Creating a focus group sounds straightforward. Gather people, ask questions, listen. The Philadelphia Inquirer and Ryder offer deeper tips.
Stories by Seth Arenstein
Michael O’Mara, Clyde Group’s first president/COO, tells us about his unusual path to PR. A product manager for years, O’Mara believes his experience as a client will be beneficial as he leads the D.C.-based communication agency.
We jumped at the chance of questioning Prosek’s new SVP Johnny Chavkin. One of his best tips is about process: Build relationships with gatekeepers around those you’re writing speeches for, he says. They’ll give you very useful material and insight.
In a single day we saw an impossibly high example of environmental-purpose PR and potentially some horrendous greenwashing.
In mid-August, Congress approved President Joe Biden’s Inflation Reduction Act (IRA), which includes $369 billion in investments for climate change and related issues. IRA’s arguably the largest climate bill in the country’s history. As a result, PR pros are wondering what IRA means, both for companies that have undertaken environmental activities and those getting started.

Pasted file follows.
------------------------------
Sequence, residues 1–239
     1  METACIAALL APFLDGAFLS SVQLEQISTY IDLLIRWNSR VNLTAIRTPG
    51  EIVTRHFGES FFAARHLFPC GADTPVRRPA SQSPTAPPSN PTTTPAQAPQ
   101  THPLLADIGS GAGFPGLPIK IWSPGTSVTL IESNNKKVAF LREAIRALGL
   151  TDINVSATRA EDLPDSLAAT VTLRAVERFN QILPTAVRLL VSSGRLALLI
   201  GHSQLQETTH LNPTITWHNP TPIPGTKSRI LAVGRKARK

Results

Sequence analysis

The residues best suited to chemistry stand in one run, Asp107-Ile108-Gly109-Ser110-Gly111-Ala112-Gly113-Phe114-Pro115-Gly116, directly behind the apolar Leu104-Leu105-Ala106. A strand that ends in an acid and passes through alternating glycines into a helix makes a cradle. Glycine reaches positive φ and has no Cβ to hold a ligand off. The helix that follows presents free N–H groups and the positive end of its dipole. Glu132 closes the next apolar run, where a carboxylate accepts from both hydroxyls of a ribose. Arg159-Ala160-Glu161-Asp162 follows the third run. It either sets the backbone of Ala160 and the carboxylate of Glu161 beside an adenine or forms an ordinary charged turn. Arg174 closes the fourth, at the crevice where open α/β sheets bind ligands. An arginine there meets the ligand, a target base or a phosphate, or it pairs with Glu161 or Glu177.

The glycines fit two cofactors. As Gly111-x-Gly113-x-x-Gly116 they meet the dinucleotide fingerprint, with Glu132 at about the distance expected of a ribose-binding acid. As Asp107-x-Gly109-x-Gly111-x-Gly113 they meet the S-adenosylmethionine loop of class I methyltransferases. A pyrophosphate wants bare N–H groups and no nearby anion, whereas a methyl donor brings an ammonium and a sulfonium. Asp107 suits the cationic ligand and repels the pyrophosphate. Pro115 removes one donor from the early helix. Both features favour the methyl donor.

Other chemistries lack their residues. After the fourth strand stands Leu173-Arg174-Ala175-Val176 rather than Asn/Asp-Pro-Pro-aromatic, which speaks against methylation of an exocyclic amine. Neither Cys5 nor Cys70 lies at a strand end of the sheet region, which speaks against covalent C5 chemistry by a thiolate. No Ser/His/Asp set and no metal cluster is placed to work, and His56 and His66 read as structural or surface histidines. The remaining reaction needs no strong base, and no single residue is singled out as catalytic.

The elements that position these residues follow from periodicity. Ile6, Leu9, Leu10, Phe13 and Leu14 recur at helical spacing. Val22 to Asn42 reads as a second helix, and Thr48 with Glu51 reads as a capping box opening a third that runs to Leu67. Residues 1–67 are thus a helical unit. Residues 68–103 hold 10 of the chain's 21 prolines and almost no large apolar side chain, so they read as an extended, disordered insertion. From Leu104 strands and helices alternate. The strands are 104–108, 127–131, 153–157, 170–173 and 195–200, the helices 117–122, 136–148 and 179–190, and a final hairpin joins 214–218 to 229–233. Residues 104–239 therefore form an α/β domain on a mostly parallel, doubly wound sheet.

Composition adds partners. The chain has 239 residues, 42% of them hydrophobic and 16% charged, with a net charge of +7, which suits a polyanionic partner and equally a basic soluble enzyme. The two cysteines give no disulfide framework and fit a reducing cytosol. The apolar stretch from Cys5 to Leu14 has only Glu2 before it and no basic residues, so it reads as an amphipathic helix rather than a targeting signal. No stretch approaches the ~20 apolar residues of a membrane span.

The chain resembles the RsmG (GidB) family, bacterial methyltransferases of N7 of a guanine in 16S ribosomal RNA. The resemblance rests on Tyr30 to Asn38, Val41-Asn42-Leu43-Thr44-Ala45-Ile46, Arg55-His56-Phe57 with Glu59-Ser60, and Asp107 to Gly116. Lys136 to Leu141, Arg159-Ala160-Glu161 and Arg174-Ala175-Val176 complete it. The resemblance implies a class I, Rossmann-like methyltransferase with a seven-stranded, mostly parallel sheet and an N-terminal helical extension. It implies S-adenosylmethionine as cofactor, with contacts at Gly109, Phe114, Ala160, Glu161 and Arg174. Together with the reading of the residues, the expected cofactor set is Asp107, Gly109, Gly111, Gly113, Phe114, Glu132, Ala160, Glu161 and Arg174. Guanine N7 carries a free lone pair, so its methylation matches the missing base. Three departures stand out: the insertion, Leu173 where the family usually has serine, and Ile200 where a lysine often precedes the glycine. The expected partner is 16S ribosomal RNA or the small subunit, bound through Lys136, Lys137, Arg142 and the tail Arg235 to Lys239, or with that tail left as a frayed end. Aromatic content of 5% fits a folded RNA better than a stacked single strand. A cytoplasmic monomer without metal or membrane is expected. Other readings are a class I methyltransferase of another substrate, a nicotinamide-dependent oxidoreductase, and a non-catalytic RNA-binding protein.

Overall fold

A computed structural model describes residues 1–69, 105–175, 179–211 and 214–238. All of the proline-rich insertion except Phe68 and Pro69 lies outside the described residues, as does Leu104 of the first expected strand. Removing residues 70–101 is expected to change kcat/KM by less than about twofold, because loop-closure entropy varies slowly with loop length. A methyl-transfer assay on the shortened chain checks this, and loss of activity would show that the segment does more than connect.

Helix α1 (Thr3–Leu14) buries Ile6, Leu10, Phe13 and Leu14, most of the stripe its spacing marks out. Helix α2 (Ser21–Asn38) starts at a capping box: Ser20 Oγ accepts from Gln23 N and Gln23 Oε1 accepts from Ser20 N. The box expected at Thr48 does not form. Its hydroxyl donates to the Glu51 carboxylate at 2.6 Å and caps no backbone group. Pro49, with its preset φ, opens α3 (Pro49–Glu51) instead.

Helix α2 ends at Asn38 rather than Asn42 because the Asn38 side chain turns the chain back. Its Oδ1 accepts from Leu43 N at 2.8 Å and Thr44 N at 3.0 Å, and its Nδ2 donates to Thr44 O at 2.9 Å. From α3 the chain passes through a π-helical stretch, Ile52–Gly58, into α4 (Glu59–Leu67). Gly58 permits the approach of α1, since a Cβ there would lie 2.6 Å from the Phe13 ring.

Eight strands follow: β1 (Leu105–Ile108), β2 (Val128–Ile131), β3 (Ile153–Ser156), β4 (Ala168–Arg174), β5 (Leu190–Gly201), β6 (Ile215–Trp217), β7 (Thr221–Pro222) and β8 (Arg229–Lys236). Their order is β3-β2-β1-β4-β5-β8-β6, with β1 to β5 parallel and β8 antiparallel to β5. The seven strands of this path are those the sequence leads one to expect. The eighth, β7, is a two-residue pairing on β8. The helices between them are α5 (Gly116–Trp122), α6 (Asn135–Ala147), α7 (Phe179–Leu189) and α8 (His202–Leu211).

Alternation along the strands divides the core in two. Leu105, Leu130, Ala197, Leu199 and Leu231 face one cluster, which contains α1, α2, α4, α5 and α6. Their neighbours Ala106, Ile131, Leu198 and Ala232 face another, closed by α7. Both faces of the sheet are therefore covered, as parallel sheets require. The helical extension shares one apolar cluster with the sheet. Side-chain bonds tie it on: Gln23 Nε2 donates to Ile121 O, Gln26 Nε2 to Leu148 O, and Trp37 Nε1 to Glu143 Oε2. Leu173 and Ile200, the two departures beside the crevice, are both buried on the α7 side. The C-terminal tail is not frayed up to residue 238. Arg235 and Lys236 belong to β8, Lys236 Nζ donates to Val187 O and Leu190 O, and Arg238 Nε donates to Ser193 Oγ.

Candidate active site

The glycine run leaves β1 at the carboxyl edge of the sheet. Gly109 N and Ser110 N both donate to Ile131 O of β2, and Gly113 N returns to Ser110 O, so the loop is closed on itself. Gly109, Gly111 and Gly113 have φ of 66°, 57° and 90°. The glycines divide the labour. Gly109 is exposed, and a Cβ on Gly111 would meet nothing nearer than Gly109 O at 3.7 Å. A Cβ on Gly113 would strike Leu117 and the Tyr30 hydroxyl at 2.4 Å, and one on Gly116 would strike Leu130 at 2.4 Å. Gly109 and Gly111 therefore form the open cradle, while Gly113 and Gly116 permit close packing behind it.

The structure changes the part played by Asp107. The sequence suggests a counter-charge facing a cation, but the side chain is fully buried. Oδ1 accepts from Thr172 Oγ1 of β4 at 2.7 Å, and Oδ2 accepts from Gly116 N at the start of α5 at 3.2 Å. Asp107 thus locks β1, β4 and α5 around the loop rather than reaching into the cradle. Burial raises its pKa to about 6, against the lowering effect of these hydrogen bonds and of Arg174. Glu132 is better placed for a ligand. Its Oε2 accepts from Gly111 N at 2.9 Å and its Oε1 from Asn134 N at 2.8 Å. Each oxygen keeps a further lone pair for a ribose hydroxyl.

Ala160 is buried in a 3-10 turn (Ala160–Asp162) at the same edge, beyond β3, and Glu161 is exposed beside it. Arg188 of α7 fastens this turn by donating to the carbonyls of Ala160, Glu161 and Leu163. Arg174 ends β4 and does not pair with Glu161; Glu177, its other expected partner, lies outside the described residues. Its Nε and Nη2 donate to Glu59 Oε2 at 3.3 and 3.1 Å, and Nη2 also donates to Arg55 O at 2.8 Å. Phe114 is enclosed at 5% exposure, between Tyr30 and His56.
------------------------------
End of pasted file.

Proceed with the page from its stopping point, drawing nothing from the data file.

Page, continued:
Former Amazon communicator Peter Kadushin, now a VP at Trident DMG, talks about his two-part communication philosophy.
In this edition of Crisis Averted, we’ve picked examples where we admit a PR crisis hasn’t occurred. Instead, they’re instances where something happened and the aftermath seems ripe for crisis. So, this month’s feature requires a question mark and could read: Have We Averted a Crisis?
We’ve reported on companies that claim they can measure trust. Still, they all have one thing in common: the particular metrics that constitute each company’s version of trust remain a tightly guarded secret.
Do PR crisis pros think or act differently when entering a situation that they know contains, for want of a better term, bad facts? We ask Abigail Greenheck, group SVP, Beehive Strategic Communications, and Daniel Rene, managing director, kglobal.